Montenegro’s Secretariat for Development Projects says it has received more than 30 applications from international service providers expressing their interest in becoming accredited intermediaries for the country’s new citizenship by investment program.
At the beginning of January, the government opened the application window for both prospective agents and due diligence providers, setting the deadline at February 1st, promising to open the applications publicly on February 11th (due diligence providers) and 12th (agents). So far, no official list of candidates has surfaced.
The government further promised to select licensees from among the candidates within 30 days of opening the applications. According to Total Montenegro News, the government will decide on the election of agents after a detailed analysis of each entry.
At the end of 2018, the government also published its Decision on the procedures, requirements, and pricing of the program. The official policies, however, left many questions unanswered. See: Montenegrin Citizenship Act Raises Questions About CIP’s Legal Basis
Montenegro famously opted to forego the offer of government advisories from specialist firms, preferring instead to design and implement their program in-house, a decision many industry observers had advised against. As a result of this, indicates one of the 30-something prospective licensees with whom Investment Migration Insider has been in touch, there are still too many uncertainties surrounding the official procedure for the industry to embark on any wide-scale program marketing efforts.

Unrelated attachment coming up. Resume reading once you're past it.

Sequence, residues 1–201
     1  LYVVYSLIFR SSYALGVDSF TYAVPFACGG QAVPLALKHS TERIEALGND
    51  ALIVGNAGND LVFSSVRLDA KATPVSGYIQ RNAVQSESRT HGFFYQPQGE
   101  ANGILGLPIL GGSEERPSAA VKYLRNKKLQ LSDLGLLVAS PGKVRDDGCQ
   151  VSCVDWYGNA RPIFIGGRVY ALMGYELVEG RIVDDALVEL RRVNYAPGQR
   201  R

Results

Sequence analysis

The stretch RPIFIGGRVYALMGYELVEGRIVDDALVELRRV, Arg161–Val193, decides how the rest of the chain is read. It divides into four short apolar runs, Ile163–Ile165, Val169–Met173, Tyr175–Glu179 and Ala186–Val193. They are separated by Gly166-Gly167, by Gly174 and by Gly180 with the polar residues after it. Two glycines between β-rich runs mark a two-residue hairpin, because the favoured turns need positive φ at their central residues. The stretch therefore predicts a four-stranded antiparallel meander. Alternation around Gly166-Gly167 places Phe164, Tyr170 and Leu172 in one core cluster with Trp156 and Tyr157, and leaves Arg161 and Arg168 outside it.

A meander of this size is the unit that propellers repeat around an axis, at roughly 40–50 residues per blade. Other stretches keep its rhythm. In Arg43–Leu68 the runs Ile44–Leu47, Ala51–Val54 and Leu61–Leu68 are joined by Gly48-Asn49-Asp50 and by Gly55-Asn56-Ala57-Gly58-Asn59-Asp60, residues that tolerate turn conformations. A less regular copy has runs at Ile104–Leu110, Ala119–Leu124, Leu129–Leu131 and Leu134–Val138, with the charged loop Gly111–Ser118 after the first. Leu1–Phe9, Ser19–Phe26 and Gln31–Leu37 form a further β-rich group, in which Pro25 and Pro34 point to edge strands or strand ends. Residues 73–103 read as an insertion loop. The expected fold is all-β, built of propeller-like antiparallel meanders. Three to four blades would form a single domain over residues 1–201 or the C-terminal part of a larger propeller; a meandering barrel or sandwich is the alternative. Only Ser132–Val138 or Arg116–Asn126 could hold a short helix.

“The application forms are not ready, the law is still unclear about the rights of dependents, the guidelines are incomplete, and there’s no mention of a CIU or official processing body,” says the agent, who has followed Montenegro’s CIP-planning journey closely and prefers not to be identified so as not to jeopardize his firm’s application. “The program doesn’t even have an official website yet,” he adds, commenting that a lot of work still remains before the program can successfully open.
He further believes the government intends to pick only a handful of agents, rather than the dozens that applied, so as to avoid having to manage a large number of official partners.
“Bureaucratically, it would be far simpler to deal with just a handful of advisors,” he says. “I think what they want is to work only with a few big, international firms with enough expertise and experience, and a sufficiently large network of agents. This way, they’ll cover all geographical regions and still only need to focus on managing four or five agents”.